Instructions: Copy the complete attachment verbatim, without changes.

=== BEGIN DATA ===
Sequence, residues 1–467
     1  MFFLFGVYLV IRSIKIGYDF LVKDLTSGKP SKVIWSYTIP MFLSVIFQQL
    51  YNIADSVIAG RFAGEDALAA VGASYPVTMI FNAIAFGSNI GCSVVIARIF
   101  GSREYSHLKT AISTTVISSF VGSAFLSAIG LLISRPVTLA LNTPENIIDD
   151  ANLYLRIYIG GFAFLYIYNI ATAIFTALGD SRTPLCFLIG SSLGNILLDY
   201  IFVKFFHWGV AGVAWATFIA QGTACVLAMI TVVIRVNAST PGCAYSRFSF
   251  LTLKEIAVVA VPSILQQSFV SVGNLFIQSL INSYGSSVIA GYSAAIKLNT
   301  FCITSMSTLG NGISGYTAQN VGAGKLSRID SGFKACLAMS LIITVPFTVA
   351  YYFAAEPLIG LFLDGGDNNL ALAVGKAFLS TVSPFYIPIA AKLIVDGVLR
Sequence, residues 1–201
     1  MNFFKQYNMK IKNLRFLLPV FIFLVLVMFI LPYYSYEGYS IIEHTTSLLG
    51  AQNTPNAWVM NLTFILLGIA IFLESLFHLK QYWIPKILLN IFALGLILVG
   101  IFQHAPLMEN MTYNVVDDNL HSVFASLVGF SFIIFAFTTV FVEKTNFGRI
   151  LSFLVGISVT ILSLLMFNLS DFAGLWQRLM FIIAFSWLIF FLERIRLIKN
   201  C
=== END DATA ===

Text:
Sequence, residues 1–467
     1  MFFLFGVYLV IRSIKIGYDF LVKDLTSGKP SKVIWSYTIP MFLSVIFQQL
    51  YNIADSVIAG RFAGEDALAA VGASYPVTMI FNAIAFGSNI GCSVVIARIF
   101  GSREYSHLKT AISTTVISSF VGSAFLSAIG LLISRPVTLA LNTPENIIDD
   151  ANLYLRIYIG GFAFLYIYNI ATAIFTALGD SRTPLCFLIG SSLGNILLDY
   201  IFVKFFHWGV AGVAWATFIA QGTACVLAMI TVVIRVNAST PGCAYSRFSF
   251  LTLKEIAVVA VPSILQQSFV SVGNLFIQSL INSYGSSVIA GYSAAIKLNT
   301  FCITSMSTLG NGISGYTAQN VGAGKLSRID SGFKACLAMS LIITVPFTVA
   351  YYFAAEPLIG LFLDGGDNNL ALAVGKAFLS TVSPFYIPIA AKLIVDGVLR
Sequence, residues 1–201
     1  MNFFKQYNMK IKNLRFLLPV FIFLVLVMFI LPYYSYEGYS IIEHTTSLLG
    51  AQNTPNAWVM NLTFILLGIA IFLESLFHLK QYWIPKILLN IFALGLILVG
   101  IFQHAPLMEN MTYNVVDDNL HSVFASLVGF SFIIFAFTTV FVEKTNFGRI
   151  LSFLVGISVT ILSLLMFNLS DFAGLWQRLM FIIAFSWLIF FLERIRLIKN
   201  C